Mindfulness - What Exactly is it?



There’s something that’s been around since the ancients that has the modern world sitting up and taking notice. It’s the practice of mindfulness and though it’s an ancient craft, the scientific community has only starting reaching for it relatively recently - and the world is loving what it’s finding.

Once it might have been considered ‘alternative’, as in, ‘alternative to something that science says works’, but not anymore. There’s now a growing body of research showing the clear benefits of mindfulness.


Why should we take notice?

The number of people dealing with depression, anxiety and stress worldwide are staggering. The World Health Organization estimates that about one in four people will be affected by some sort of mental or neurological disorder at some point in their lives. With stats like this, chances are that if you aren’t directly affected by a mental illness, someone you love will be.

The need for an effective way to manage our mental health has never been more upon us. With this in mind, science and major health organizations including the National Institute of Mental Health – the largest scientific, research focused mental health organization in the world - have turned to age-old techniques to explore what they have to offer us in modern times. It seems they have plenty.


Mindfulness – Exactly What Is It?

Mindfulness is a way to train the brain to attend to what we want it to attend to by being fully present and experiencing the moment without judging, analyzing or needing to change anything. It sounds easy enough, but we humans tend to drift into worrying about the future or ruminating over the past with spectacular ease, so staying in the present can take a bit of practice.

By learning to fully engage with our experience – what we see, hear, touch, taste, think and feel, the person we’re talking to, the food we’re eating, the skin we’re in, the walk we’re walking - we get more out of life. We accept rather than judge. We notice rather than take for granted. We enjoy the pleasures that are right in front of us that we miss too often and we become better at dealing with the things that go wrong.

Life is happening all the time and we miss it by getting caught up in thoughts of the past or the future. Of course, we do need to reflect and plan, but too much of that will lead to depression or anxiety or a host of other discomforts and illnesses. Focusing on the here and now stifles the likelihood of regret over the past or worry about the future, which lie at the heart of depression and anxiety respectively. It also loosens preoccupations with success or how we’re doing in the world compared to others and enhances our ability to form deeper connections with others.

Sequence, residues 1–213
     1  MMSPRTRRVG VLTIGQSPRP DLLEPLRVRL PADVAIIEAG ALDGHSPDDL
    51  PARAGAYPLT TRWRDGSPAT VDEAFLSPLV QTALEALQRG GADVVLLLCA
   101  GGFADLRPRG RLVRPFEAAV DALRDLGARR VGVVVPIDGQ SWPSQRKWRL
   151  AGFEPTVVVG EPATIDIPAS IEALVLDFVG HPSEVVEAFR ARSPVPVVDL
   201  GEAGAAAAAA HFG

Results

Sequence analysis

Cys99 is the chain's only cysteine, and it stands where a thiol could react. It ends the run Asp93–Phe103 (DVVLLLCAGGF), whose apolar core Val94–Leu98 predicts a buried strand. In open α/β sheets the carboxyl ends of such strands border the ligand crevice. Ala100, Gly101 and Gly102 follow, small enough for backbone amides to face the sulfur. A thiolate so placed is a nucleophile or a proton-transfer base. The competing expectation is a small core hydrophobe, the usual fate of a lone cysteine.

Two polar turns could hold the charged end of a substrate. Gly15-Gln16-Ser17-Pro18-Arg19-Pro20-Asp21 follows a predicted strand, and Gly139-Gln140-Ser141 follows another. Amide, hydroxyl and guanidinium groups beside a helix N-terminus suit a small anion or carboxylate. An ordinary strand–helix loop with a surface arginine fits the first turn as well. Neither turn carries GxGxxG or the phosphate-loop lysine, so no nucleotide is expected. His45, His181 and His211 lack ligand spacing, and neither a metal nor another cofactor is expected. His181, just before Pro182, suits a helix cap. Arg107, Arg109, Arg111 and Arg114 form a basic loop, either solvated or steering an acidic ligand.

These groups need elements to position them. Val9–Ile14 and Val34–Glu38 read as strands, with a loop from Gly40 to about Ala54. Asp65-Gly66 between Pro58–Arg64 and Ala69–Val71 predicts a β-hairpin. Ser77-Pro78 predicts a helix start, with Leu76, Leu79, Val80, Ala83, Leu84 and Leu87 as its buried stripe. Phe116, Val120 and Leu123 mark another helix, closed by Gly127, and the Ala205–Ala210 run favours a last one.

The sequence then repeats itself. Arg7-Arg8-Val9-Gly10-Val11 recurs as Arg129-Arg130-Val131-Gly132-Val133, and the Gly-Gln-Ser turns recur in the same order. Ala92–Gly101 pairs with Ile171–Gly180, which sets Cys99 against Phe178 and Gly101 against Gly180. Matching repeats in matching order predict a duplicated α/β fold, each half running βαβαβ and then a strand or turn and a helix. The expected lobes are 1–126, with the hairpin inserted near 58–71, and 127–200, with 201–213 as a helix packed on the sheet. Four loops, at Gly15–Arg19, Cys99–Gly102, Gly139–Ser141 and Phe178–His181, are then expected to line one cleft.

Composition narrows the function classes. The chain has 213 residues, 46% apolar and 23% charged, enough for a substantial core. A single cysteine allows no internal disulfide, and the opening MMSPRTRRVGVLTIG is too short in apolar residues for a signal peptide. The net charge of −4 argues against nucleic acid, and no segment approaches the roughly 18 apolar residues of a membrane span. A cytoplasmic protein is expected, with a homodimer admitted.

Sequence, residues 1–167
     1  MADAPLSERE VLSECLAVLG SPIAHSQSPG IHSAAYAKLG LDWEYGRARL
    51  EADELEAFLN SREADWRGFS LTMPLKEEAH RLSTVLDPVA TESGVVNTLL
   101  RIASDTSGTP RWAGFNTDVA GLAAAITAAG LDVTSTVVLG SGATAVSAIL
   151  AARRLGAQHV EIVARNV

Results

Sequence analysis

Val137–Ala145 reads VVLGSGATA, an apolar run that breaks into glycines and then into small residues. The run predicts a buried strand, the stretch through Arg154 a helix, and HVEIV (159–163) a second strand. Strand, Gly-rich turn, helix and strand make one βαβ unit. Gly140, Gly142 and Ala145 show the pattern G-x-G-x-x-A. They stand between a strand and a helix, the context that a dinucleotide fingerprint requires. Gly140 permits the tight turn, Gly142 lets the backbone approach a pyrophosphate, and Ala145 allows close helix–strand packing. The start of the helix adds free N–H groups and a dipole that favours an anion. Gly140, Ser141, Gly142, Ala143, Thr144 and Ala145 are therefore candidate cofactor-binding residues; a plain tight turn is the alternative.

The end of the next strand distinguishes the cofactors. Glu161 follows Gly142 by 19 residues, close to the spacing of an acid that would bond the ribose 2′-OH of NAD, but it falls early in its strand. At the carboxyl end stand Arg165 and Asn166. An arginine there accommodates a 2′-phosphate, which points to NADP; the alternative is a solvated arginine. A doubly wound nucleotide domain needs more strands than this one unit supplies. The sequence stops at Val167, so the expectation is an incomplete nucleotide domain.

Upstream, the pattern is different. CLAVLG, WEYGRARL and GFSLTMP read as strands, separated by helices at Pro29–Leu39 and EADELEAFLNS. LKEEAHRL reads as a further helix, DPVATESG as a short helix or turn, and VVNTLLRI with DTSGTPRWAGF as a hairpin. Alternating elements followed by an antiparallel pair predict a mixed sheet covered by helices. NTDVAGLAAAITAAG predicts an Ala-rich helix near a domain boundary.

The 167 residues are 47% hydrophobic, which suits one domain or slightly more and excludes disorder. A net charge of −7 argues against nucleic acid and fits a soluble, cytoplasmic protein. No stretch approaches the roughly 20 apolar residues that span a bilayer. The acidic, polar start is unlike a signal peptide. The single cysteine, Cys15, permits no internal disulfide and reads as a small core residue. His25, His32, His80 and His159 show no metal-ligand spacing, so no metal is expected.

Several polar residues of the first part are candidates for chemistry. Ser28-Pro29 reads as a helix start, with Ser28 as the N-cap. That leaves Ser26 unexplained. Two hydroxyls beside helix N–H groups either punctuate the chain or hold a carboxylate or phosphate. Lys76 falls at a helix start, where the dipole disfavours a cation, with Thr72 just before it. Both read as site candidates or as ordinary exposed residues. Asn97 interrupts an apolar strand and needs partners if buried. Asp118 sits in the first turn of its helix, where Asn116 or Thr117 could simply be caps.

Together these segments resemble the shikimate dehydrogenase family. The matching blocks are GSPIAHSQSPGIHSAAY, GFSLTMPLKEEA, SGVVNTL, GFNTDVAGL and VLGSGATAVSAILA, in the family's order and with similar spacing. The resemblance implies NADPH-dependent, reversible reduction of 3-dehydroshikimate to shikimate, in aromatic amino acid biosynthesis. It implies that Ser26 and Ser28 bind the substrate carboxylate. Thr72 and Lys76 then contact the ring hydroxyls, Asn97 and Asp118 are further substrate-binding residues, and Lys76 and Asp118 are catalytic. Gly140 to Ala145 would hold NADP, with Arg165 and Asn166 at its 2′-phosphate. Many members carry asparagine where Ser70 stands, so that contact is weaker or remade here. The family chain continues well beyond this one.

How Does it Work?

Mindfulness changes the brain. It creates new neural connections and pathways and strengthens particular areas including those associated with attention and emotion regulation, anxiety and stress, and learning and memory.

The brain allocates resources depending on need. Mindfulness works by training the brain to redivert mental resources away from excessive worry about the future (anxiety) or regret about the past (depression) and back to the present experience.

The healing power of mindfulness also lies in its capacity to reverse the stress response. It increases activity in the prefrontal cortex (the area of the brain that takes care of conscious thinking and planning) and decreases activity in the amygdala, hypothalamus and anterior cingulate cortex (the areas of the brain that initiate the body’s stress physical response).

This means clearer thinking, more effective planning and less susceptibility to the damage caused by the surge of neurochemicals that are triggered by the stress response – damage that contributes to stress-related illnesses such as depression, heart disease and anxiety, to name a few.

And the Proof?

There’s plenty. MRI scans have revealed that mindfulness increases the density of gray matter in the parts of the brain connected with:

  • The hippocampus – important for learning and memory
  • Neural structures associated with awareness, compassion and introspection;
  • The amygdala – associated with anxiety and stress

Studies have also shown that mindfulness:

  • Can be as effective as more traditional talk therapies in the treatment of anxiety and depression;
  • Decreases levels of cortisol, the stress hormone, so quite literally, it lowers stress;
  • Improves cognitive function (helps you to nail that test and make better decisions);
  • Helps with greater control over the brain’s ability to process pain and emotions even when you’re not practicing it;
  • Strengthens the immune system and helps to get you through cold and flu season a little healthier, reducing the incidence, duration and severity of colds and flu;
  • Can help to reduce and prevent depression in teens.

According to the Center for Mindfulness at the University of Massachusetts Medical School, mindfulness can also:

  • Alleviate asthma;
  • Alleviate hot flashes;
  • Improve the quality of life for people with cancer;
  • Improve the experience of conditions such as gastrointestinal disorders, HIV and fibromyalgia.

We’re still learning everything there is to know about mindfulness, and we probably will be for a while. One thing we know for certain though is that through mindfulness, we can learn to live better, love better and do better.
 

View our Mindfulness Series and Workshops schedule.

 

View our Mindfulness Series & Workshops 
schedule.

 

Mindfulness is a way to train the brain to be fully present and experience the moment without judging, analyzing or needing to change anything.

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